Platitudes are like dick pics. Searching for which cliche fits best in response to someone’s expression of anguish is like searching the garbage for a used condom. Undignified, pointless, and disgusting.
It’ll get better.
Keep your chin up.
Enjoy your time together…
This too shall pass.
They grow up so fast…
We’re all in this together.
We’ve all used these words. We’ve all felt that hopeless moment of trying to cheer up someone and grasping at giving reassurance but just coming up with feeble banalities.
I’m not quoting a study or going to make a reference to a famous pious oracle or analyze the success rate of platitudes for you. I feel fairly confident in asserting that they’re as wanted as unsolicited dick pics. There’s the danger of being redundant when saying “unsolicited dick pics” but I thought I would at least specify for those of you that might feel judged by requesting them yourselves. No judgment. I am guilty of oversharing about my kids and posting pics of random foliage and food so whom am I to judge, mea culpa.
So when you, like myself, find yourself barely hanging onto your sanity while trying to survive this pandemic and being at home nonstop with your offspring you might bristle to the point of looking for a pointy object or hitting the “unfriend” option when someone says, “You’re not alone,” or, “Hang in there.” Only to be less cringe-worthy than, “It could be worse,” or, “Have you ever tried a gratitude journal?”
No, “Janice”, I haven’t. You know why?! Because it’s pretty difficult to find the bright side when you’re back to potty training your six-year-old who is regressing or getting woken every three hours by the other child who is having night terrors and screaming in her sleep. And NO I don’t let them watch the news and YES I do explain the bare facts without the grisly drama of the reality of our situation.
This same person sent me articles about accepting my children’s autism because clearly I had not done so if I was getting frustrated with my circumstances…don’t mind me while I go scream into a pillow that’s not embroidered with mottos or, frankly, clean.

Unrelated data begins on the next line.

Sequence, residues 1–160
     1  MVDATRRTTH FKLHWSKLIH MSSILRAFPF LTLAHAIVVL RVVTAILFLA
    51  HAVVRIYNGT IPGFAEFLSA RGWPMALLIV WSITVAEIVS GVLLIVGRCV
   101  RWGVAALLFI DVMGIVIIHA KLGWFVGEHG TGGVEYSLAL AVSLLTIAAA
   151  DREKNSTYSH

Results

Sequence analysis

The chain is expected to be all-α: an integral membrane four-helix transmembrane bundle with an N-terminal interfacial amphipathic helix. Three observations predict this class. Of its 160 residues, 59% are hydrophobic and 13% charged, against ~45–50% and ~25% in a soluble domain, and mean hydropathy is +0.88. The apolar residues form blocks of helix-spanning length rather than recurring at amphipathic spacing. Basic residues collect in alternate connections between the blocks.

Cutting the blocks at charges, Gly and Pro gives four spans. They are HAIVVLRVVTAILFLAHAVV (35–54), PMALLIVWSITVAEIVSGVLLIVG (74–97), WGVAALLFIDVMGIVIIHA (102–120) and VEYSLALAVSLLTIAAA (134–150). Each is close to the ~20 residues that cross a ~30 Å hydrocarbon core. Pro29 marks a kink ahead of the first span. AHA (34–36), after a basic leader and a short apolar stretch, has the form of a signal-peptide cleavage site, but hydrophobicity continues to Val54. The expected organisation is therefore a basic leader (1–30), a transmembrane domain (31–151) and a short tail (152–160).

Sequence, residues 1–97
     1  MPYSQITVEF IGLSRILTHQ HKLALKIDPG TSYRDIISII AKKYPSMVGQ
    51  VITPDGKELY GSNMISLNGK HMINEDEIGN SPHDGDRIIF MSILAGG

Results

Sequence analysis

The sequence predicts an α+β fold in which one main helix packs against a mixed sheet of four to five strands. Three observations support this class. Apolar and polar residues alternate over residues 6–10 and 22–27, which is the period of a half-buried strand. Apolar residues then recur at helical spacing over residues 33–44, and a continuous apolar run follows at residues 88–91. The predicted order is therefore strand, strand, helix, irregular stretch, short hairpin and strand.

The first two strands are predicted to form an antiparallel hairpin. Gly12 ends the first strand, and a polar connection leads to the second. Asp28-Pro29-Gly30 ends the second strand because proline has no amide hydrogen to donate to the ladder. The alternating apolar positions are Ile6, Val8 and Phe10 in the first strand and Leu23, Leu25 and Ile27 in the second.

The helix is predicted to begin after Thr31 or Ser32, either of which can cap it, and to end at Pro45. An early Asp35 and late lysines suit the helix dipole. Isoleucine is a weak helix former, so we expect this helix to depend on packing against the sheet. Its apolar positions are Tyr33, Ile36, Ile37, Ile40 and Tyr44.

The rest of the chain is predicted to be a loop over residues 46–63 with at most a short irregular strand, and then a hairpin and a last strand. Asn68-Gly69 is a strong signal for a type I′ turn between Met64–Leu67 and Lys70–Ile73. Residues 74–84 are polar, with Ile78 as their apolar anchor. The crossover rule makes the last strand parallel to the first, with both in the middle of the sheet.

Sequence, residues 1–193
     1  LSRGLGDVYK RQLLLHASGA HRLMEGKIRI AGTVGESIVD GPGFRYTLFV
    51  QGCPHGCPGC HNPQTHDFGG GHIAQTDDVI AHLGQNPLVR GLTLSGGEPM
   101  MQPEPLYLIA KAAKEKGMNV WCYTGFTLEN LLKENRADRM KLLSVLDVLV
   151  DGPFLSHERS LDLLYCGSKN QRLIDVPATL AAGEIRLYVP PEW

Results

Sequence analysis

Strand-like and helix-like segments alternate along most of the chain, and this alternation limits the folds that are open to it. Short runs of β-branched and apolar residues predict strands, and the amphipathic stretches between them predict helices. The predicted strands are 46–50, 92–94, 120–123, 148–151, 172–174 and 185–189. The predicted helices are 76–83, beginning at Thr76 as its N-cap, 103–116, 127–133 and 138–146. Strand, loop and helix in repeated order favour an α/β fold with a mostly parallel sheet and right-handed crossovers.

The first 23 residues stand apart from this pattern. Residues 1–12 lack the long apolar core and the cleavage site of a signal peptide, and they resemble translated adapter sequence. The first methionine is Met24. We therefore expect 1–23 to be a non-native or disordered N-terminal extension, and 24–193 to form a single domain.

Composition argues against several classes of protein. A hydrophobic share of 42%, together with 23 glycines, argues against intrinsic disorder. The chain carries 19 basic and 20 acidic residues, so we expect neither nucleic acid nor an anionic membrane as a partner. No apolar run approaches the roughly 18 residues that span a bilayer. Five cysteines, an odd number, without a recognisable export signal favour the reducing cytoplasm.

Guess what, “Janice”?! I am ALONE unless you’re coming here at 3 am to help me put the kids back to bed and come up with “plans” for the day that will then be rebelled against because “we don’t wanna” is the refrain. I don’t need a self-help article I need some actual %&#@ing HELP. Like most in my situation, we don’t need the judgement of someone who has no possible way of relating to our life or experiences because receiving your opinion is about as wanted as a dick pic.
(By the way, “Karen” is the popular name to use when being derisive nowadays but I know at least two Karen’s that I love and admire, including my mother, so I go with “Janice” thanks to John Oliver so – blame him!)
Receiving a platitude in response to an attempt to reach out for connection in an act of vulnerability is like allowing someone to hold your newborn baby and that person sneezing in the baby’s face. All of us are seeking support and love from those we care about in a stressful era yet we’re all reacting and processing current events in our own way. Some, like myself, are siloed in my existence of self-quarantine out of caution, not preference. It’s painful for my kids when we see people gathering in playgrounds or parks and we’re not able to join them because we’re immunocompromised.
Currently, it’s not safe, it’s not allowed by the local government, yet people are still doing it and it’s extending how long we have to eventually stay on lockdown because that’s where the spread of the virus is originating, “community spread”. Not only is it mentally painful for anyone to be cooped up this long (going on four months now) it is horrifically unfair of people to not grasp that their individual decision to not follow health cautions is directly impacting others’ mental and physical health. That their need for convenience and comfort by not wearing a mask or staying home is threatening the health of countless people and prolonging the suffering of others.